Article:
Lucent enters market, exits business

Lucent Technologies Inc. this week unveiled a compact Class 5 switch targeted at rural local exchange carriers, cable companies and other independent operating companies.

The iGEN Compact Switch consists of a single 23-inch-wide shelf. Lucent claims it can reduce IOC operating expenses by 90 per cent.

Valley TeleCom Group of Willcox, Ariz., will deploy the switch in a field trial in January. The iGEN will also be generally available at that time.

Valley TeleCom consists of four companies that cover more than 10,500 miles of territory serving over 32,000 customers in Arizona and New Mexico. The IOC plans to deliver a package of services containing dial tone, long-distance, cellular, video-based television, voice mail and high-speed Internet access off of the new Lucent platform.

Lucent will see the switch through its Global Business Partners. Support for the product will be provided by these partners as well as Lucent Worldwide Services.

Lucent has been aggressively building up its services business and partnering efforts as it exits markets and cancels product lines in an attempt to regain profitability after years of losses.

The small Class 5 switch equipment market in North America is expected to grow from an estimated $44.5 million last year to $875.5 million in 2006, Lucent says, citing data from Infonetics Research. In the IOC market, which Lucent has largely ignored up to now, the company will compete with Nortel’s widely installed DMS 10 switch, Siemens’ DCO switch, and next generation platforms from Taqua.

“We found that we could be extremely competitive from a cost/feature standpoint,” says Ken Arndt, vice president of marketing, Lucent Technologies Convergence Solutions business. “Vendors abandoned and then re-entered the market, made changes and costly upgrades. There weren’t many people lining up to serve this market. We decided to enter it in a big way, and we chose to partner with companies that have existing (IOC) relationships.”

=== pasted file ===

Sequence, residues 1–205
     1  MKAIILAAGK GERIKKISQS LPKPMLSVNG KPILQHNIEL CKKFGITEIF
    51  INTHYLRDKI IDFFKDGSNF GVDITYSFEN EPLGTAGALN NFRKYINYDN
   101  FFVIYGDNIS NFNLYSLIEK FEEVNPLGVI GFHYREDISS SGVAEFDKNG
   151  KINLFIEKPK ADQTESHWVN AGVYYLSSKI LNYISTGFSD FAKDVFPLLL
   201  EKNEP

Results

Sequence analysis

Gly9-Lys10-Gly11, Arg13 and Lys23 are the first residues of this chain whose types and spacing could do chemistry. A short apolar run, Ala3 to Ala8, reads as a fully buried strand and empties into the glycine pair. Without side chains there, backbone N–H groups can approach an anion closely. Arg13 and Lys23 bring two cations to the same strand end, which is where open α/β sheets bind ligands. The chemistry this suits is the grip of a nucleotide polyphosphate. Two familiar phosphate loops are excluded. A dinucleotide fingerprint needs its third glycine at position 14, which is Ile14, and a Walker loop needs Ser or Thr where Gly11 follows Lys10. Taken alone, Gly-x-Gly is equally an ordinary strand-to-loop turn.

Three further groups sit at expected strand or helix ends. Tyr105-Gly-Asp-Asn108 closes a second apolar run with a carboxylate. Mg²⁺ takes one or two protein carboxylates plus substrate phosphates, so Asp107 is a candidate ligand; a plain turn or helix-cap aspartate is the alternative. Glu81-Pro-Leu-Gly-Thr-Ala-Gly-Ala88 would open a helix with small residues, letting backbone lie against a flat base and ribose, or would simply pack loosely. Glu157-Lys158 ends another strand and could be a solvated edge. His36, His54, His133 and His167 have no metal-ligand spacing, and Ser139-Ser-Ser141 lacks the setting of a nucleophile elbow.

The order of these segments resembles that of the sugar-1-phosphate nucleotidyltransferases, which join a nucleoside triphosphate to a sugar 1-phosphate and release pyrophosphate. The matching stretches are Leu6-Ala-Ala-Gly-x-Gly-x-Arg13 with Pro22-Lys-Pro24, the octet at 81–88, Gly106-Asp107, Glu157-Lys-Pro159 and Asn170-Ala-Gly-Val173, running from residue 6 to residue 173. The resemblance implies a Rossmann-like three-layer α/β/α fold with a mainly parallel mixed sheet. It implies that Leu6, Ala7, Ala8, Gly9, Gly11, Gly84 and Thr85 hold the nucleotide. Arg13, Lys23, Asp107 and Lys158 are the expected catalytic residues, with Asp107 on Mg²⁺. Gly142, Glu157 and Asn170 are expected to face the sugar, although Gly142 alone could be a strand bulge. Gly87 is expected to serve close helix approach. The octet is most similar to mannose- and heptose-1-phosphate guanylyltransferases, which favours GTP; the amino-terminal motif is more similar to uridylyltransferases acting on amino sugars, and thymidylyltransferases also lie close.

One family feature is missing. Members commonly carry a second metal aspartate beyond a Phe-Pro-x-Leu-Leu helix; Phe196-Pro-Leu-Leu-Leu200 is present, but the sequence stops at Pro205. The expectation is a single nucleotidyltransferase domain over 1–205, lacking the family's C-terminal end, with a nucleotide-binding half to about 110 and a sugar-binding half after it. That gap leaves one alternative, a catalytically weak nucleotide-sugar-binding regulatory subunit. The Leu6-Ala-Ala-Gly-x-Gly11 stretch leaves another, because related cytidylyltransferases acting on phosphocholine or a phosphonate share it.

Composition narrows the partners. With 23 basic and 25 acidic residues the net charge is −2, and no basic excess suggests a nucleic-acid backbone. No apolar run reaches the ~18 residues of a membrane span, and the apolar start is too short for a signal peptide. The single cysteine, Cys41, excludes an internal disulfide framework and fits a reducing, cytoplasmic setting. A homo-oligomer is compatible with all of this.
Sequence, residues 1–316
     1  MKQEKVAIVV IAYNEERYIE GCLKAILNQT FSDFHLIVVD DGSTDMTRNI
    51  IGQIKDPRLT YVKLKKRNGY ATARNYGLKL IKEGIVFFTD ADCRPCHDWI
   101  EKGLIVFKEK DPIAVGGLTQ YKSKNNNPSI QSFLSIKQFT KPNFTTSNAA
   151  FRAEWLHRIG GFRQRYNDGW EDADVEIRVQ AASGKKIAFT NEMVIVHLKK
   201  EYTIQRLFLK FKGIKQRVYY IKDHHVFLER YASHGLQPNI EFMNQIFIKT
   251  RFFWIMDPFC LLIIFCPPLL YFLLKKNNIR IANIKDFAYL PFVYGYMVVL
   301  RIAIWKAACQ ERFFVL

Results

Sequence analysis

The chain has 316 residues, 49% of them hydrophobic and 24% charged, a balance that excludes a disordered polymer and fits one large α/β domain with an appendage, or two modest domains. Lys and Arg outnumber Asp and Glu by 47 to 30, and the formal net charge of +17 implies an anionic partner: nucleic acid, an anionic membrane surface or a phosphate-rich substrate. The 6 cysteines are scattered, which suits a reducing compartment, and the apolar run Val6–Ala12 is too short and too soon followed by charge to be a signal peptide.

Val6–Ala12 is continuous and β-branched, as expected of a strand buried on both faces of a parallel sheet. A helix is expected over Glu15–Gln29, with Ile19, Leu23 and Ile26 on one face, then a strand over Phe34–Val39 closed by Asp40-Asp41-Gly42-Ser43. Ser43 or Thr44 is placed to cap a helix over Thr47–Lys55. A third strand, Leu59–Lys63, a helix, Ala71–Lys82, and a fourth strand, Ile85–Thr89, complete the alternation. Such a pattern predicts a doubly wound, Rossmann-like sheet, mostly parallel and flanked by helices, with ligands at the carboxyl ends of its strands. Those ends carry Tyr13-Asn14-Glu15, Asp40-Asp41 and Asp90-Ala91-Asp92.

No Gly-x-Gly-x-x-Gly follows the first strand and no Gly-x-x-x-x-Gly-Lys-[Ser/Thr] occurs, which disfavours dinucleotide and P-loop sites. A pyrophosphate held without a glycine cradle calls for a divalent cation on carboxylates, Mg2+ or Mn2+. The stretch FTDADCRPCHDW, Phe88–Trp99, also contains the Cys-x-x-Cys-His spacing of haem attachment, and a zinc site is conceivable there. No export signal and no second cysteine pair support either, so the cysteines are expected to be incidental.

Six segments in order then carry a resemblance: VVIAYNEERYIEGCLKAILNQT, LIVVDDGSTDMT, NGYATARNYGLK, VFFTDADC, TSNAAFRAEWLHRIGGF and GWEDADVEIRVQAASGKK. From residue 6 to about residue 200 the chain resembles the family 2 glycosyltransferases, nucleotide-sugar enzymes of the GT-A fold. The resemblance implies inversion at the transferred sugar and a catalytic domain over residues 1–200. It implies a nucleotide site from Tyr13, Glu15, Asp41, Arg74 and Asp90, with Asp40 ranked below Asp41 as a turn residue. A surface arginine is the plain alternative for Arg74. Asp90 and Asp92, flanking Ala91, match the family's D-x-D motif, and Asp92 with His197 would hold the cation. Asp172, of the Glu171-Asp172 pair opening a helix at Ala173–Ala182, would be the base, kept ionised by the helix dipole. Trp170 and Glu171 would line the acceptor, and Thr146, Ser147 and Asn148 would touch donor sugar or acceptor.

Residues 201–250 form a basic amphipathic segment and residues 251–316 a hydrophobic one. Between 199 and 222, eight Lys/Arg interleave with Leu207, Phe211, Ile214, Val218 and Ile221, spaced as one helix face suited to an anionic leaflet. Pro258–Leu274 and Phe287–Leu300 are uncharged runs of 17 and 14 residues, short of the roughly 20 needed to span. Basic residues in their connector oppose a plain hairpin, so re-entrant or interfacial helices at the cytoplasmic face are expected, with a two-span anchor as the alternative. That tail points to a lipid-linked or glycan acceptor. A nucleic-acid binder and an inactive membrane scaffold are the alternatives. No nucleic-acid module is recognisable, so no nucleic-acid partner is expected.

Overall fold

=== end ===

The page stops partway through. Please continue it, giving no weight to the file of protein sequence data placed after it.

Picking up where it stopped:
The iGEN scales from 32 to 10,000 subscribers in a single shelf. The operational savings come from efficiencies in installation, heating, cooling, power, spare parts, maintenance and office space, Lucent claims.

Competing small switches might require several cabinets to support 2,000 subscribers, Lucent says.

Lucent will submit the iGEN Compact Switch for certification by the U.S. Department of Agriculture’s Rural Utilities Service (RUS). The company expects to be RUS-certified by the time the switch ships early next year.

RUS enables rural carriers to apply for low-interest loans and grants to purchase RUS-accepted equipment.

The iGEN supports a core set of Class 5 services including voice mail, custom calling features – call forwarding, call blocking, three-way calling, call waiting – class features, such as call screening, caller ID, automatic callback and call trace, and regulatory features like e911, CALEA and local number portability. It adheres to GR.303, V5.2, ISDN, SS7 and AIN cable and telephony standards.

Lucent says the iGEN will support next generation call control for IP endpoints and interoffice connections at some point in the future. At that time, the switch will support voice-over-IP, Web-based contact centers and Web portal services.

Lucent did not disclose pricing for the switch.

Separately, Lucent sold its Open Network Services platform business (OPENet) to an investor group led by Soros Private Equity Investors and Oak Investment Partners. The business has been relaunched as an independent company, Excel Switching, which is what it was called when Lucent acquired the Hyannis, Mass., company for $1.7 billion in 1999 to form OPENet.

Terms of the deal were not disclosed.

Under the arrangement, Excel is now a privately-held company developing and marketing its programmable Converged Services Platform (CSP) switches to new and existing customers. The company already has 125 customers, 150 employees and has shipped 7,000 units.

Lucent will resell Excel’s CSP under an OEM arrangement. The CSP performs tandem switching, bridging circuit switched and IP wireline and wireless networks. The CSP provides IP and PSTN call control, media processing and signaling.

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